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Showing 1,189: English reviews
Ayr, United Kingdom
Level Contributor
4 reviews
4 of 5 bubbles Reviewed 2 days ago NEW

Very short experience we just sort of stumbled across. Glad we saw it, though. It was chilling and information plaques were informative.

Helpful?
Thank ClaudeGiraffe
Level Contributor
13 reviews
12 attraction reviews
common_n_attraction_reviews_1bd8 2 helpful votes
5 of 5 bubbles Reviewed 2 days ago NEW

You cant miss these figures if you walk along the reiver towards the port. You just realise what is was like during the potato famine. Vist the Jeannnie Johnston too as there is a connection

Helpful?
Thank Kathleen B
Fayetteville, Georgia
Level Contributor
55 reviews
20 attraction reviews
common_n_attraction_reviews_1bd8 9 helpful votes
5 of 5 bubbles Reviewed 2 days ago NEW

This is a beautiful and haunting sculpture that is definitely worth walking to during your stay in Dublin.

Helpful?
Thank MNgirl4ever
New York
Level Contributor
123 reviews
55 attraction reviews
common_n_attraction_reviews_1bd8 36 helpful votes
5 of 5 bubbles Reviewed 3 days ago NEW

Artist Rowan Gillespie created this group of sculptures to remind all about the famine. They are moving pieces and executed with great detail. They are a must visit.

Helpful?
Thank saek
Miami, Florida
Level Contributor
35 reviews
4 attraction reviews
common_n_attraction_reviews_1bd8 42 helpful votes
5 of 5 bubbles Reviewed 3 days ago NEW

Beautiful sculptures that cannot be missed. Sad, yet captivating. Great spot to stumble upon while walking by the river.

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Thank miamitrav76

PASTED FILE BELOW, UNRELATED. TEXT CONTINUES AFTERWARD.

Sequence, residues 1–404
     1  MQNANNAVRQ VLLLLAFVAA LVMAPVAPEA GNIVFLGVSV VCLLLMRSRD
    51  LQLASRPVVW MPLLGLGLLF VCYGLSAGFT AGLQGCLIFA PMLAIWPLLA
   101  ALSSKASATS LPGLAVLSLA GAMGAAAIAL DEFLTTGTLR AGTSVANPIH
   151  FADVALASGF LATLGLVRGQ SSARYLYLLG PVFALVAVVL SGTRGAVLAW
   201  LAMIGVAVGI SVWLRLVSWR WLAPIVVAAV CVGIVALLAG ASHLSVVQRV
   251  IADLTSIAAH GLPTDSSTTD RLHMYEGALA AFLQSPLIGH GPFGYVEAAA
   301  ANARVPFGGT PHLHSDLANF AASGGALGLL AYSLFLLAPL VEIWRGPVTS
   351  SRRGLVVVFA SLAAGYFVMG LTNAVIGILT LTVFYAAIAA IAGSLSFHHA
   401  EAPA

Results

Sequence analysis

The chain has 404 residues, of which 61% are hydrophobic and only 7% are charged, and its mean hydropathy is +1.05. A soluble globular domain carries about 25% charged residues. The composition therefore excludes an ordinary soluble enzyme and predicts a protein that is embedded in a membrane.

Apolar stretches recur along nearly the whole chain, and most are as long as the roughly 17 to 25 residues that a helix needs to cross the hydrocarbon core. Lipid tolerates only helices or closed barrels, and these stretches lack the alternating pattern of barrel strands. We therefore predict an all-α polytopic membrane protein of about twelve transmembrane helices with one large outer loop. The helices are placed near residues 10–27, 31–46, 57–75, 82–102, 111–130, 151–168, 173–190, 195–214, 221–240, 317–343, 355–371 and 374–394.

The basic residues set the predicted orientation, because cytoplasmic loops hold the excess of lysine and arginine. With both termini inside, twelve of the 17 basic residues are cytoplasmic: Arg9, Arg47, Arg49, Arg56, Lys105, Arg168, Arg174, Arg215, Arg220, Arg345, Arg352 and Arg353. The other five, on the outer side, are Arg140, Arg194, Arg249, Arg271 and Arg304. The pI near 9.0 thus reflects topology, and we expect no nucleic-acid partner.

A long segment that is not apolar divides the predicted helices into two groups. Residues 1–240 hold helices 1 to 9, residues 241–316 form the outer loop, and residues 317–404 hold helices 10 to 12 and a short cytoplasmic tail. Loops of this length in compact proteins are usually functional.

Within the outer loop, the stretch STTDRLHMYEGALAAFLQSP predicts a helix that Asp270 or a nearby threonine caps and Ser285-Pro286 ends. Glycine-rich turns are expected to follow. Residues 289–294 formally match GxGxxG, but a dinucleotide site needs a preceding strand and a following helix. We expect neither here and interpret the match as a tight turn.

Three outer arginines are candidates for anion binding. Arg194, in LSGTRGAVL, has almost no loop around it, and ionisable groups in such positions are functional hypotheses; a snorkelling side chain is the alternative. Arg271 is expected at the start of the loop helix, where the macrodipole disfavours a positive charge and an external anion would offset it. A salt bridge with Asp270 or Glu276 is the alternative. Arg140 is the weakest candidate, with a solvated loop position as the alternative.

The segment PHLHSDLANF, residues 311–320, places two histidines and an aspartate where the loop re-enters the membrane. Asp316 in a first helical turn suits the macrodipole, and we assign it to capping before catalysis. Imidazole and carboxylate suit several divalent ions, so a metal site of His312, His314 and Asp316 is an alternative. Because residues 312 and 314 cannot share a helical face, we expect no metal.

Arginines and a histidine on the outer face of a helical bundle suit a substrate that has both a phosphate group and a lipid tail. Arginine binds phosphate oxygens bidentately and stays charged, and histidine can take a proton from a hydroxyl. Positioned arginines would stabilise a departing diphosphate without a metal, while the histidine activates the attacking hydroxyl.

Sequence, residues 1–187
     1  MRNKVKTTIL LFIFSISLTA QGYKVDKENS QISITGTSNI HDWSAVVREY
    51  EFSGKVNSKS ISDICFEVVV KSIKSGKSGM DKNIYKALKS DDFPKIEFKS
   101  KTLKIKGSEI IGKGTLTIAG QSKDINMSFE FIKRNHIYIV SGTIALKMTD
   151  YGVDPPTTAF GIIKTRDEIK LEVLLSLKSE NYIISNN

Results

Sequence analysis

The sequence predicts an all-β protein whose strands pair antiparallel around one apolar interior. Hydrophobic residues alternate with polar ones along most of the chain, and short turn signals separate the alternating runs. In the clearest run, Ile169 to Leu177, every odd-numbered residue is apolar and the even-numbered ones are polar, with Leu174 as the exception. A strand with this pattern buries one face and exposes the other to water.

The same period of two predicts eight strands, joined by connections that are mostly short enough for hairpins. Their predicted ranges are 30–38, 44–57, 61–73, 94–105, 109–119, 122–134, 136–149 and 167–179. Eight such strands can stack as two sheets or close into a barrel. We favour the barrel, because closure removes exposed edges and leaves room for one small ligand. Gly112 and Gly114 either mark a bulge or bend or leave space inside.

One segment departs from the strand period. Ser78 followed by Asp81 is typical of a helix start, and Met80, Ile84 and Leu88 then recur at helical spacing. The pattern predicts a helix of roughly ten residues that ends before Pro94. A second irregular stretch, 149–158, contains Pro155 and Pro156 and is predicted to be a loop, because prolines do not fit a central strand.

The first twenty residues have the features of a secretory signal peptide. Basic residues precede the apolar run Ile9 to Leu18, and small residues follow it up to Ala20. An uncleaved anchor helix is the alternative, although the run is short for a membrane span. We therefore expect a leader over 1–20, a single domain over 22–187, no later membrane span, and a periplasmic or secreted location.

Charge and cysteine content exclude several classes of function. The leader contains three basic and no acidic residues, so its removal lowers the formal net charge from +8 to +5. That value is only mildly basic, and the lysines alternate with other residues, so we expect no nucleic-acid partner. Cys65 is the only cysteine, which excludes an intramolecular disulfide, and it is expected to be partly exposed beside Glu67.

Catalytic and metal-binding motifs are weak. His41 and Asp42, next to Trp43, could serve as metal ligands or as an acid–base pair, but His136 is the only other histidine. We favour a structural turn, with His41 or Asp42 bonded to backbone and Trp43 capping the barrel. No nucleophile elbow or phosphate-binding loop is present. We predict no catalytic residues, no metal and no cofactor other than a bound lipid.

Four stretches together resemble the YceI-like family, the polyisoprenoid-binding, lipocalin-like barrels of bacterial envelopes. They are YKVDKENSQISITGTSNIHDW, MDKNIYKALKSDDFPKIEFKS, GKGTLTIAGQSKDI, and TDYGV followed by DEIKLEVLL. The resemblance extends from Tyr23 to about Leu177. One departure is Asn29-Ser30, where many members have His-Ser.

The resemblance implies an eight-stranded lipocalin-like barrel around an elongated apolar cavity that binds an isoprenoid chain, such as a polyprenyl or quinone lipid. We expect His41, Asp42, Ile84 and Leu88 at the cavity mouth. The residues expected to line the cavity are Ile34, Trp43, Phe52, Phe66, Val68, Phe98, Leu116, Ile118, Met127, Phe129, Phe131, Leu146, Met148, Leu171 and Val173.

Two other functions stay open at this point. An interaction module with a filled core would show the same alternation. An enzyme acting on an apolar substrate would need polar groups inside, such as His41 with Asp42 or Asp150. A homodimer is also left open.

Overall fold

Aberdeen, United Kingdom
Level Contributor
11 reviews
3 attraction reviews
common_n_attraction_reviews_1bd8 4 helpful votes
5 of 5 bubbles Reviewed 4 days ago NEW

A pleasant walk down the river to see this sculpture is worth every step. A very moving tribute to those that lost their lives during this terrible time. It is important to remember our past and learn from it.

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Thank Aaron C
Newcastle upon Tyne, United Kingdom
Level Contributor
154 reviews
48 attraction reviews
common_n_attraction_reviews_1bd8 50 helpful votes
4 of 5 bubbles Reviewed 5 days ago NEW

Sculpture on the North side of the river Liffey depicting characters from the time of the famine. Located close to the famine ship Jeanie Johnston, which is also well worth a visit

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Thank Barbara C
Manchester, United Kingdom
Level Contributor
18 reviews
4 attraction reviews
common_n_attraction_reviews_1bd8 13 helpful votes
5 of 5 bubbles Reviewed 6 days ago NEW

An excellent sculpture highlighting the suffering the Irish people endured in the hands of neglect of british rule.

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Thank Liam D
South Bend, Indiana
Level Contributor
87 reviews
39 attraction reviews
common_n_attraction_reviews_1bd8 40 helpful votes
5 of 5 bubbles Reviewed 1 week ago NEW

The Famine Sculpture near Hawthorn Terrace | Custom House Quarter, Dublin, Ireland, if your walking by you will see the memories of a group of people walking towards a mystical dream of a better life, happiness, the right to worship their religion, raise their children. Leaving with nothing on their back, very little money other then to pay for their... More 

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Thank Michael F
Tampa, Florida
Level Contributor
41 reviews
15 attraction reviews
common_n_attraction_reviews_1bd8 2 helpful votes
5 of 5 bubbles Reviewed 1 week ago

A great testament to the Irish and their experience. The figures are haunting and prick the conscience of those who might take Dublin for granted in it's current lyrical and charming state.

Helpful?
Thank Maria C